15 oktober 2005

Stay the course (The Flemish Beerdrinker)

For those who still believe that poverty and inequality is the cause of terrorism, here is a shocker. Poverty is lowest in the most fertile region of terrorism in the developing world: the Middle-East and North-Africa. The Poverty Head Count of $1 a Day is only 2,0%. In Latin-America it’s 14,9%. In Sub-Saharan Africa it’s 42,2%! The same is true for inequality. Only in parts of Asia is inequality lower. But in Sub-Saharan Africa and Latin-America inequality is much higher. So if terrorism is caused by poverty and inequality why don’t we see almost much more terrorism coming from Latin-America or South-Africa?

Other explanations seem to be more promising. Although poverty and inequality are low, unemployment is high, especially among young people. Furthermore, the labour market has a dual structure, whith many young muslims waiting in line for better paying jobs in the overprotected public sector, but having to settle for less amenable working conditions in the informal sector. The result is resentment and social grievances.

However, one should not underestimate the role of governance. There are essentialy two kinds of regimes to deal with terror and violence. The one is a totalitarian dictatorship where any kind of violence is repressed. Of course this does not mean there is no violence. We have to settle here for terror from above. The other is a liberal democracy with a vibrant private sector creating jobs and with a political system where the "frustrated" can voice their grievances with peacefull means. Now we don’t have to accept the solution of a totalitarian dictatorship. But we do have to accept the fact that the transition from a dictatorship towards a full-blown democracy can be very bloody. Indeed, nations in transition are the most vulnerable for terrorism and conflict. Look what’s happening in Iraq, but we had an earlier example in Algeria:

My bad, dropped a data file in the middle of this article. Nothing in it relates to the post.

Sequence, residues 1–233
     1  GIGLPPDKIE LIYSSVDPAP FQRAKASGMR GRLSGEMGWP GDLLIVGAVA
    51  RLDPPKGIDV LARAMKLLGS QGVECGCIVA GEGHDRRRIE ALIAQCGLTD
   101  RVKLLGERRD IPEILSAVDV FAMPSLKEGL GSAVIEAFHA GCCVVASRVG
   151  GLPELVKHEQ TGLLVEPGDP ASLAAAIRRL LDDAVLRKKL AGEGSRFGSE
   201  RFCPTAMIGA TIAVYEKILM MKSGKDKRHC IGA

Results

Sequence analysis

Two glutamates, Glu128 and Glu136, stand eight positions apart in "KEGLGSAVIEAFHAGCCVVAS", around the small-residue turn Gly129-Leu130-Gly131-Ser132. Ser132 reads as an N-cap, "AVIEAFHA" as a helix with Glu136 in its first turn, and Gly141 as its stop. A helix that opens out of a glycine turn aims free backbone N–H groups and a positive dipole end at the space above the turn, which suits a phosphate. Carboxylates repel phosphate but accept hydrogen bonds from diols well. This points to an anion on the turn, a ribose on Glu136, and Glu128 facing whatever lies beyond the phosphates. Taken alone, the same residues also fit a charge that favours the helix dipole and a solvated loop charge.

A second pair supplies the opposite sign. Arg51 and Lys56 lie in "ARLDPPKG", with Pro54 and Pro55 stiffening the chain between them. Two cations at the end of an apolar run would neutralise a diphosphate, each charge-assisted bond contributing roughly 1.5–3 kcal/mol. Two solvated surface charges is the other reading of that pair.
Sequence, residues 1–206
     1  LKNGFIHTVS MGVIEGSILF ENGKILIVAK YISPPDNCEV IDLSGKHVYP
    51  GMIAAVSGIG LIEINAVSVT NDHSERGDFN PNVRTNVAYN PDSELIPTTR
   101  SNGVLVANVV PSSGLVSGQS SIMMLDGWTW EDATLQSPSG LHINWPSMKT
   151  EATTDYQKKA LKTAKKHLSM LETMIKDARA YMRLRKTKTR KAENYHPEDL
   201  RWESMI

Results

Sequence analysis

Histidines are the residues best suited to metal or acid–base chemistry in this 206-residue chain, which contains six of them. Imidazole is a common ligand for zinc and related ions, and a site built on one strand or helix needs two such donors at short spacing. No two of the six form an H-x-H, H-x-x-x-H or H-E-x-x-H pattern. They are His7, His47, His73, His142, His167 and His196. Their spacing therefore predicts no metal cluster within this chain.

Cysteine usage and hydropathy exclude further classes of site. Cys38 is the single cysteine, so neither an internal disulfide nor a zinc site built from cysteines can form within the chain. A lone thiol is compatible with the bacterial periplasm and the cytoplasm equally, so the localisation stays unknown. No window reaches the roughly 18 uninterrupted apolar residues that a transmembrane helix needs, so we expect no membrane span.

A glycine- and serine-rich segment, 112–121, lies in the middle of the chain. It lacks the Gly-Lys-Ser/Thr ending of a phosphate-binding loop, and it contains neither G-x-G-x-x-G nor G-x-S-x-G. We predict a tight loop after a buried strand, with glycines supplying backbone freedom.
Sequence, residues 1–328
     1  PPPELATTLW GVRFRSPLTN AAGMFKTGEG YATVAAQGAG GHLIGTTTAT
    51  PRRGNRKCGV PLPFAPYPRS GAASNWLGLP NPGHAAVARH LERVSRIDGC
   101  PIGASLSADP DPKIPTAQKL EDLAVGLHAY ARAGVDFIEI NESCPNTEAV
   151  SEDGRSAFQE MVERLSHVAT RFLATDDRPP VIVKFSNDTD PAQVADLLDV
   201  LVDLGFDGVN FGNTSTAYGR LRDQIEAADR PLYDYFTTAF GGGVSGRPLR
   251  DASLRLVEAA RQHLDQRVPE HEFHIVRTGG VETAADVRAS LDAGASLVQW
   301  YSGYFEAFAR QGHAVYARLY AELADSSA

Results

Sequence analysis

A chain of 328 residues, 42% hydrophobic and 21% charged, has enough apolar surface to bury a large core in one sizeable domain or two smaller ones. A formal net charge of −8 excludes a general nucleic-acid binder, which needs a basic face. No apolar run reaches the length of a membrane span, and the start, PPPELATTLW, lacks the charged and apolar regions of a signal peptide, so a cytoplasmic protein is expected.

After the fall in oil prices in the mid-1980s, the country experienced severe macroeconomic imbalances and negative output growth. These shocks took place just as the country’s youth population was reaching its peak after growing rapidly in the 1980s by about 3.8 percent a year. Large numbers of young cohorts were entering the labor force, putting labor markets under tremendous stress. Unemployment rose from 16 percent in 1980 to 24 percent in 1992, and for youth, unemployment reached close to 40 percent. The Algerian government was in the middle of implementing moderate political reforms. In 1992, the country was poised to initiate open parliamentary elections. The Islamists, buoyed by the political support of a frustrated young population, seized the day, and the government reacted by canceling the election results. The state’s reserved application of democratic reforms backfired, setting the spark to a conflict that has yet to come to an end

The hesitating transation towards democracy gave Islamists the opportunity and the means to express their frustrations in a violent way. Unfortunately this lead to the cancellation of democratic reforms and the return of dictatorship. However, this did not end the violence. What is the lesson for Iraq? The lesson is i think that we should stay the course. Ultimately, we can only beat the terrorists by making Iraq a democracy. It will be their final defeat. But in the meantime, be prepared that they will do everything to prevent that. However, Algeria has learned that it’s not a solution to give in and abandon the quest for democracy and liberalization.

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